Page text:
How visit to opticians to have glasses loosened 'saved the life' of a Hartlepool gran

A grandmother’s life was potentially saved when she was rushed to hospital after initially visiting her opticians to have her glasses loosened.

Thursday, 25th March 2021, 4:01 pm
Updated Friday, 26th March 2021, 11:49 am

Cynthia Corbett’s family thought at first that her headaches and pain behind her eyes were caused by her spectacles being too tight.

By the time she went to her Hartlepool opticians for a test, however, the problems had deteriorated and she was experiencing double vision in her right eye.

A scan revealed that she was likely to be suffering from giant cell arteritis – which can ultimately trigger fatal strokes or aneurysms – and she was rushed to Sunderland Eye Infirmary for an emergency operation.

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Grateful Hartlepool grandmother Cynthia Corbett with Specsavers optician Craig Walker.

She remained in hospital for three days, has lost partial vision in her right eye and will continue to take steroids for the next year.

But she is thankfully recovering back at her Hartlepool home and ready for a game of bingo when the town’s Mecca Bingo hall finally reopens once coronavirus restrictions ease.

Grateful grand-daughter Georgia Williams, who accompanied 75-year-old Cynthia to her appointment at Specsavers, in Hartlepool’s Middleton Grange Shopping Centre, has now said: “Despite her losing some of her sight in her right eye, looking at the bigger picture this has actually saved her life.”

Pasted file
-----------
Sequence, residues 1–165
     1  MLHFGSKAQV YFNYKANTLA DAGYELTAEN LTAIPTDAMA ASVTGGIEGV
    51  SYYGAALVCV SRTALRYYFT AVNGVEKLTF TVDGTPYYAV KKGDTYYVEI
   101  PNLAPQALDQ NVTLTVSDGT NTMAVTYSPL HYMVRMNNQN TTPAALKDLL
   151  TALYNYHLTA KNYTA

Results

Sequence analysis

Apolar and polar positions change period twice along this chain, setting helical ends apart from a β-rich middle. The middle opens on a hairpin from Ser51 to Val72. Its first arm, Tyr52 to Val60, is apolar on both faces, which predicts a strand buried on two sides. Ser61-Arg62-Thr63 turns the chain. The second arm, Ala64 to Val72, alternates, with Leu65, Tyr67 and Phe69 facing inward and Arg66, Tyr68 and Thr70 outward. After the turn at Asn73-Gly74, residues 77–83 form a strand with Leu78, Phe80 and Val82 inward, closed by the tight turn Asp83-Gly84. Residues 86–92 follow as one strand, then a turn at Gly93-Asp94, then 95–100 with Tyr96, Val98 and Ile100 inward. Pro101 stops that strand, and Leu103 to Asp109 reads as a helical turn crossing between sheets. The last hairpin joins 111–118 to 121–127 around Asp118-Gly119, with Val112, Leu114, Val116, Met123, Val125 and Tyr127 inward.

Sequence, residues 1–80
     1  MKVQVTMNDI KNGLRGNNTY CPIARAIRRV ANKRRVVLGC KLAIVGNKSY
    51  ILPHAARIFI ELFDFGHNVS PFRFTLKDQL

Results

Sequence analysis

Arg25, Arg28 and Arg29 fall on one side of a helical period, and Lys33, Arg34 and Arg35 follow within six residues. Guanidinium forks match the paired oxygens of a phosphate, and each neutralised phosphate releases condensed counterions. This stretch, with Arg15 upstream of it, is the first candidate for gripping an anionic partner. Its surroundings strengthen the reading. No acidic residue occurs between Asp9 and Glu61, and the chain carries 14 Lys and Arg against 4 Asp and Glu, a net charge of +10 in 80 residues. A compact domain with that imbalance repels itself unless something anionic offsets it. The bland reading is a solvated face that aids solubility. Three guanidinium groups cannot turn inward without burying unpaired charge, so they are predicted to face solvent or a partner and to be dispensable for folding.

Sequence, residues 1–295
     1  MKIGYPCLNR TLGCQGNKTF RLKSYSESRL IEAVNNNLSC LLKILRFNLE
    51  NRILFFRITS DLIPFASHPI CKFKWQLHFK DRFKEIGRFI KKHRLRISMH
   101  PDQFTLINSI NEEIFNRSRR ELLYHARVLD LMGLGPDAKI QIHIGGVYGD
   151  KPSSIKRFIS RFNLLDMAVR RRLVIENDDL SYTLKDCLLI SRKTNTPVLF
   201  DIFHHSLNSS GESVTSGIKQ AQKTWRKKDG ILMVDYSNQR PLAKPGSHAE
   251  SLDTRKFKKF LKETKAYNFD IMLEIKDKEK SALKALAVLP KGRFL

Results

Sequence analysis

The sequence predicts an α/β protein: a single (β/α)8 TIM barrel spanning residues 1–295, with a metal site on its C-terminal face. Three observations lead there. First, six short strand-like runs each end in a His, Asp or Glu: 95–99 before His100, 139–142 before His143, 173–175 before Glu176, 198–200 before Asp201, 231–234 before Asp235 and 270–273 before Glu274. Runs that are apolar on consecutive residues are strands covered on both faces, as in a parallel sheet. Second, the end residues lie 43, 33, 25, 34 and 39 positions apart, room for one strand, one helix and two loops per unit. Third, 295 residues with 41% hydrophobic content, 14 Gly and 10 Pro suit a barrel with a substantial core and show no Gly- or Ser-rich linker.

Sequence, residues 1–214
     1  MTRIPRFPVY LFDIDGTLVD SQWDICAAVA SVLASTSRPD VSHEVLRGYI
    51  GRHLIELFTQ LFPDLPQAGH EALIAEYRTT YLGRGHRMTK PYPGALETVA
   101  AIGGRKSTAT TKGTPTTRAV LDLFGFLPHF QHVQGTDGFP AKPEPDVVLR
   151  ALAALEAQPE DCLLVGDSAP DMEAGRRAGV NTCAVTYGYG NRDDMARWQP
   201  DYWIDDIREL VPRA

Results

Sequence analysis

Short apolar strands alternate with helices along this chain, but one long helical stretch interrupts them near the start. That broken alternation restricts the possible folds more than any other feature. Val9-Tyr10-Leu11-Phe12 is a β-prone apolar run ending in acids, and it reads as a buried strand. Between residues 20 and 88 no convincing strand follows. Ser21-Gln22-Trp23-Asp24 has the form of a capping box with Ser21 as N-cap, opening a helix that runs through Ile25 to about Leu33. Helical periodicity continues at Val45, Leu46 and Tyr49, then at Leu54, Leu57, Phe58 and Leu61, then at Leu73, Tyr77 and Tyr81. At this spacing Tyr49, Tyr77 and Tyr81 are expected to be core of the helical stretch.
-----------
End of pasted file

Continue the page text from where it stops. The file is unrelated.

The pair have thanked store optometrist Craig Walker for realising how serious her condition potentially was.

Georgia Williams, left, with grandmother Cynthia Corbett, whose life was potentially saved after she was rushed to hospital following an initial visit to her opticians to have her glasses loosened.

Sales manager Georgia, 25, from Hartlepool, said: ‘I thought maybe my gran’s glasses were too tight. But by the time we got to Specsavers she was having double vision in her right eye.

"We mentioned this to staff in store and optometrist Craig, who did her eye test back in August, also got involved in the conversation.

"He was keen to get an eye test ASAP so he booked my gran in for an appointment just two days later.”

Cynthia’s vision deteriorated further over the weekend and by the day of the appointment she could only see about a quarter of what she was used to.

Mr Walker said: “Following Mrs Corbett’s eye test, there was clear disruption in the superior portion of the retina with a paler colour, suggestive of branch retinal artery occlusion.

“Combined with the fact she only had a field of vision in her right eye, I knew right away this was a very serious cause for concern and an alarming symptom.”

Speaking about her grandmother’s spell in hospital last November, Georgia said: “Within days my gran was feeling much better and more like herself.

“The hospital did a biopsy shortly after and it was confirmed that she had giant cell arteritis.

“Despite her losing some of her sight in her right eye, looking at the bigger picture this has actually saved her life.

“We were all so worried about her so we are glad that she is on the mend.

“It just goes to show how important eye tests are even though her eye test was only months ago.

"We are so glad we popped into Specsavers.”

Cynthia’s family are well known in town after previously owning chippies such as Mike’s Fish Bar, in Brenda Road.

Giant cell arteritis, sometimes known as temporal arteritis, is a serious condition where arteries become inflamed and can cause interrupted blood flow to vital tissues such as eyes.

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